5 Major Changes – Affordable Care Act Repeal

During the Obama presidency, Republicans in Congress voted 60 times to repeal President Barack Obama’s signature legislation, the Affordable Care Act (ACA), also known as Obamacare. But with President Donald Trump assuming office last month, moves toward ACA repeal now carry more weight than recent years’ symbolic attempts at dismantling it.

What exactly could Affordable Care Act repeal mean for you?

There is much speculation about what possible legislation to replace the ACA would look like, and we would be hard-pressed to predict exactly how a hypothetical new law will work. However it seems to be some consensus that rather than outright repeal, the existing healthcare law will have sections repealed with new provisions being added via a process known as reconciliation (a strategic maneuver being undertaken by Republicans to make it easier to pass in terms of votes needed and to take away the Democrats’ ability to filibuster). Here is a look at some provision of Obamacare and what their repeal might mean for you and others in the United States.

1.      Ending the Individual Mandate

A key component of the Affordable Care Act and perhaps the most contentious is the section mandating that every person obtains health insurance through employers, a private plan or a government sponsored program. Individuals who do not obtain health insurance currently face a stiff tax penalty as a result. Should the individual mandate go away, health insurance premiums (the amount you pay on a monthly basis for coverage) would likely go up. This is because many young people—who tend to be among the healthiest individuals—are apt to decide that they are better off purchasing health care services if and when they need them rather than a monthly payment to go toward a health insurance policy that they rarely use. As a result, insurance companies will be faced with covering a less healthy overall pool of people, meaning that their average costs per insured individual will increase and the companies will look to save their bottom line by passing along the increased costs to their clients.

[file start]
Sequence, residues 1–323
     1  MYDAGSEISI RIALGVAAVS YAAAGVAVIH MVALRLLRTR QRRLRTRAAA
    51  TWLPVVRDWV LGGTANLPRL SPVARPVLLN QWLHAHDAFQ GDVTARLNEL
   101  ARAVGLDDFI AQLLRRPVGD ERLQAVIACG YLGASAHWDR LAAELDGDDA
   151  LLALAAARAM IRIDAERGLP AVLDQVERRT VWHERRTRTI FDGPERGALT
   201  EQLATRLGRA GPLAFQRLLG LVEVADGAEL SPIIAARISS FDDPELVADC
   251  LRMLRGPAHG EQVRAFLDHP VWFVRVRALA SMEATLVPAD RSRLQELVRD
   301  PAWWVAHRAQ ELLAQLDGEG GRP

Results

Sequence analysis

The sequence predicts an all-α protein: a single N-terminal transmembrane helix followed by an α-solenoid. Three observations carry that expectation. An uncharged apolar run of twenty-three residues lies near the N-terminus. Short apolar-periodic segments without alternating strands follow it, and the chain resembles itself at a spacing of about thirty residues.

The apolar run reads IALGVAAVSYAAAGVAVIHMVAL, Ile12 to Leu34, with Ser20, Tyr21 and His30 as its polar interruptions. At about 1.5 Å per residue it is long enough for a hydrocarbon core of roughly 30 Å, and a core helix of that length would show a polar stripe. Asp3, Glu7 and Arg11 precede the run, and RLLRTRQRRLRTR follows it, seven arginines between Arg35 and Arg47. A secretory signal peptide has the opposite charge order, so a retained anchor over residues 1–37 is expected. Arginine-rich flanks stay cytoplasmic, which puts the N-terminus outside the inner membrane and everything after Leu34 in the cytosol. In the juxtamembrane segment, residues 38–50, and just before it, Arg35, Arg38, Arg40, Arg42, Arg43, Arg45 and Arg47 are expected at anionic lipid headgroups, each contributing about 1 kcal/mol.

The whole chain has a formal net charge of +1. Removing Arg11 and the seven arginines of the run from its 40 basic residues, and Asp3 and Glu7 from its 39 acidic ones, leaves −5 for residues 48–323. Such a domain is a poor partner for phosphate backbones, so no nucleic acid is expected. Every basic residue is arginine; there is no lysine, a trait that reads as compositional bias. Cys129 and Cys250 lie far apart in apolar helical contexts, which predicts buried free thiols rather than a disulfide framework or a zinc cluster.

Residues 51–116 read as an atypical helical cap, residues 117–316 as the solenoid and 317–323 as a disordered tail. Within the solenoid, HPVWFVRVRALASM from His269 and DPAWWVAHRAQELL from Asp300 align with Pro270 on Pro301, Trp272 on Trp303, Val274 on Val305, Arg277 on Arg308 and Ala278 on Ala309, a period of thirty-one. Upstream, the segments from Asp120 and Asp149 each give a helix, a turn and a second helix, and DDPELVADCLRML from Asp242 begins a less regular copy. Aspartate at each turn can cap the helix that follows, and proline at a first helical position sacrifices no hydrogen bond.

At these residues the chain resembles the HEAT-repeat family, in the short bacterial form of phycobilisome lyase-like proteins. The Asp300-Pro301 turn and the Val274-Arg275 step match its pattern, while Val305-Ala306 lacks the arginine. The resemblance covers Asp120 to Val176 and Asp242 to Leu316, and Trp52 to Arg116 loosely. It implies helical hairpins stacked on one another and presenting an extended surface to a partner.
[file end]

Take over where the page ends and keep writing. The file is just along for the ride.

2.      Interstate Insurance Sales

A major potential regulatory change (which President Trump has on multiple occasions since the beginning of his campaign for president signified he will be looking to complete) would be legislation to make it possible for insurance companies to sell their policies across state lines throughout the country. In doing so, President Trump’s hope is that increased competition and market forces would force companies to lower their premiums to compete for customers.

3.      Closing the Donut Hole

Medicare is the health insurance program administered by the federal government since 1966. Americans age 65 and older obtain coverage after meeting the age threshold and paying into the system over the course of their careers via payroll taxes. As part of the program’s prescription drug coverage, those who use the system were covered for brand name and generic prescription medications up to a certain annual limit. Once that limit was met, seniors were forced to pay for their prescriptions (or use other coverage) until they met another spending threshold, after which coverage under Medicare would kick in again. The recipients who were in between the respective thresholds were inside what is known as the “donut hole.” As a provision of the Affordable Care Act, a percentage of prescription drug costs are covered during this period, resulting in out of pocket savings for the insured. While this is a relatively popular provision of the ACA, it is unclear whether or not it will be spared from the chopping block as part of the Affordable Care Act repeal because of the associated costs of administering that coverage. Seniors should be aware of the potential of that coverage to go away and be on the lookout for another plan to help fulfill prescription drug coverage need for those in the donut hole.